Campus Corner

Daughter of Missouri assistant basketball coach Brad Loos is battling cancer

Missouri assistant coach Brad Loos’ 5-year-old daughter, Rhyan, was recently diagnosed with bone cancer.
Missouri assistant coach Brad Loos’ 5-year-old daughter, Rhyan, was recently diagnosed with bone cancer. University of Missouri

Heartache permeates the Missouri men’s basketball team, which recently learned that assistant coach Brad Loos’ 5-year-old daughter, Rhyan, was diagnosed with bone cancer.

“Four or five days ago, she’s playing in the cul-de-sac,” Tigers coach Kim Anderson said after an open gym in conjunction with homecoming. “That’s tough.”

Pleas for prayers for the Loos family started pouring onto social media late Friday night and continued through the weekend.

Loos is in his second season at MU. He came with Anderson from Central Missouri in May 2014 after Frank Haith left for the men’s basketball job at Tulsa.

Loos and Anderson are entering their 14th season together.

Loos has become perhaps Anderson’s most-trusted confidant and right-hand man after working his way up the coaching ladder with the Mules.

Jen was a women’s soccer graduate assistant when Loos started at Central Missouri in 2002 as Anderson’s graduate assistant.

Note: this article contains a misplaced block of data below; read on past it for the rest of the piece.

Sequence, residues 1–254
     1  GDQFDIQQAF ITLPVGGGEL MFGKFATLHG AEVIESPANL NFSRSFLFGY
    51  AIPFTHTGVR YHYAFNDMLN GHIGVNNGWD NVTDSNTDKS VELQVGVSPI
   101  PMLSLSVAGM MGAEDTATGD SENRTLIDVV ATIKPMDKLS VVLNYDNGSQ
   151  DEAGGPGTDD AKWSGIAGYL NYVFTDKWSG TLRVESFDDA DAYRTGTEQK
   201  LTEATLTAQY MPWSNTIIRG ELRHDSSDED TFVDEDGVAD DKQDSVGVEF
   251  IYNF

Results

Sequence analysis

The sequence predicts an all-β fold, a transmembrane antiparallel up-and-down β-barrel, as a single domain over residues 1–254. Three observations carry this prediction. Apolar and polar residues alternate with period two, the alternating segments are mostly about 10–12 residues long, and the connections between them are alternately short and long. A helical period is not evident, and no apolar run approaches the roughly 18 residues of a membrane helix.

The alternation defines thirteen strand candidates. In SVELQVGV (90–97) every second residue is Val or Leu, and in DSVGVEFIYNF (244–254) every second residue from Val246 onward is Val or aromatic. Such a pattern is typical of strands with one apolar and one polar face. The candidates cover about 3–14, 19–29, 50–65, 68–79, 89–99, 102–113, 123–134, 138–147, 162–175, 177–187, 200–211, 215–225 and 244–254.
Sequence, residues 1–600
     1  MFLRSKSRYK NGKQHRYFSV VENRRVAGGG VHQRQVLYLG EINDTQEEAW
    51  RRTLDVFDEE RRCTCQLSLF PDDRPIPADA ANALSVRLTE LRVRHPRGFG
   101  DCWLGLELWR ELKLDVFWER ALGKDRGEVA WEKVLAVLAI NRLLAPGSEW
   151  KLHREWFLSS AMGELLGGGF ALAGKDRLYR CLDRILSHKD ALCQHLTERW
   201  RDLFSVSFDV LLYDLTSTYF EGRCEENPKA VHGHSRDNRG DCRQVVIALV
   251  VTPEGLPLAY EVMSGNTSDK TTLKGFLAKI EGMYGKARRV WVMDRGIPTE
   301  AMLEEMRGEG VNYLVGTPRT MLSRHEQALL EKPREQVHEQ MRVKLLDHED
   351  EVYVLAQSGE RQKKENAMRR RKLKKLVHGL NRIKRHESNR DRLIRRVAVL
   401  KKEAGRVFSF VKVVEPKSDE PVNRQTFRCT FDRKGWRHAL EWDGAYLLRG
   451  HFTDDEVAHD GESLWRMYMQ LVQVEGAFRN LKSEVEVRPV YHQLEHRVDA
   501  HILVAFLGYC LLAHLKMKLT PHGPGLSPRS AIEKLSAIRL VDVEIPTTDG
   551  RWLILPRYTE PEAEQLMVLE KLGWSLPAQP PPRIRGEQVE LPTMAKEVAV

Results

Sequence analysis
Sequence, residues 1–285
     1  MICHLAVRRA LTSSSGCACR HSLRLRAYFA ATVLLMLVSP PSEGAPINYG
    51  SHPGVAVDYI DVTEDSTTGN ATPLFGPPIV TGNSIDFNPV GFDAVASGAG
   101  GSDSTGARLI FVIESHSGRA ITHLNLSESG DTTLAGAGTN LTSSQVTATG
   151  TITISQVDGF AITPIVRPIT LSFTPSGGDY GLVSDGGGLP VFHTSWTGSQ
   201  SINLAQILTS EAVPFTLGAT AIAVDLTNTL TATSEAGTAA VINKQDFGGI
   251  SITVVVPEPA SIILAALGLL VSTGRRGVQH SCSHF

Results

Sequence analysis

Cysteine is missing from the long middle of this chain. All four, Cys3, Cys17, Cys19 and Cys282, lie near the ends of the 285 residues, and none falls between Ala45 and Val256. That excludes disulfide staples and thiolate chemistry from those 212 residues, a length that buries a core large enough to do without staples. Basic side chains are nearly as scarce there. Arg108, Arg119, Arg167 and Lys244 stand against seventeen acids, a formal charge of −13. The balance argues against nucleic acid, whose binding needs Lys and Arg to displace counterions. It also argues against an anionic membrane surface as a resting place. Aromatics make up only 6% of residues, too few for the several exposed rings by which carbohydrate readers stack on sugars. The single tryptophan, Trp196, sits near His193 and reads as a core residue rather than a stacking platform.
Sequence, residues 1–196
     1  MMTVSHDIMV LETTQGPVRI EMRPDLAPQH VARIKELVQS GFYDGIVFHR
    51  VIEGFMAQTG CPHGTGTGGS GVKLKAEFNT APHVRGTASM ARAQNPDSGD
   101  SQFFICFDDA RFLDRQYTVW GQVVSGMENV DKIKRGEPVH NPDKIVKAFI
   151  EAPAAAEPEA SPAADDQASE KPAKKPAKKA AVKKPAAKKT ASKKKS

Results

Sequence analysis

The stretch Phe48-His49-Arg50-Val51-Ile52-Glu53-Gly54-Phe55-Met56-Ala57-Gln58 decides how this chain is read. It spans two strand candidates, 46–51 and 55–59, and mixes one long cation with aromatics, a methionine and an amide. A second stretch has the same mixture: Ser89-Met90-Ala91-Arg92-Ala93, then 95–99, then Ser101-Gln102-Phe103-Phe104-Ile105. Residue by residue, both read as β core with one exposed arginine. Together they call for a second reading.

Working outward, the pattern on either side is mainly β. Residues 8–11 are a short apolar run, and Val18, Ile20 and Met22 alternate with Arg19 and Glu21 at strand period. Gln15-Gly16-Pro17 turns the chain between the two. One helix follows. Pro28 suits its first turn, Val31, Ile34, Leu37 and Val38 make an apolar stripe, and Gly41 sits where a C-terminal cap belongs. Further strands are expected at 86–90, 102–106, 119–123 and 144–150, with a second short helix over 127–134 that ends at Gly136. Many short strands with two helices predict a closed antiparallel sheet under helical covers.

The couple was married in 2006 and has three children — a son, Brady, Rhyan and the youngest, a daughter named Charli.

“I’ve watched him grow up and I watched him marry (his wife) Jen and I watched those three kids be born …,” Anderson said. “Anytime somebody’s with you almost 14 years of your life, you just hurt for them. I’ve been hurting.”

Anderson hasn’t been alone.

The players also have felt Loos’ pain, including junior guard Martavian Payne — a transfer from John A. Logan College in Illinois who was recruited by Loos.

“I haven’t talk to him, but we’ve sent him messages and are trying to make sure he’s OK and doing well,” Payne said. “It’s real tough, knowing his little girl has cancer. It’s going to affect him, but it affects us as well. If one hurts, we all hurt.”

Doctors are in the process of formulating a treatment plan for Rhyan.

Anderson said the Loos family appreciates the kind messages, warm thoughts and prayers from the Mizzou family as well as the Warrensburg, Mo., community.

“We just all pray,” Anderson said. “It’s something that we all just have to continue to be supportive. It’s really hard. It’s hard because she’s such a cute little girl and she’s full of life. We’re just praying that she’ll get better and the doctors will help get rid of this crazy disease.”

Anderson said Loos will be excused from practice and other duties whenever it’s required.

“Whatever he needs,” Anderson said. “He needs to worry about his family. He doesn’t need to worry about basketball. If he wants to walk in here tomorrow and start coaching, that’s fine. If he want to be with his family, that’s fine. The most important thing now is Rhyan and taking care of his family.”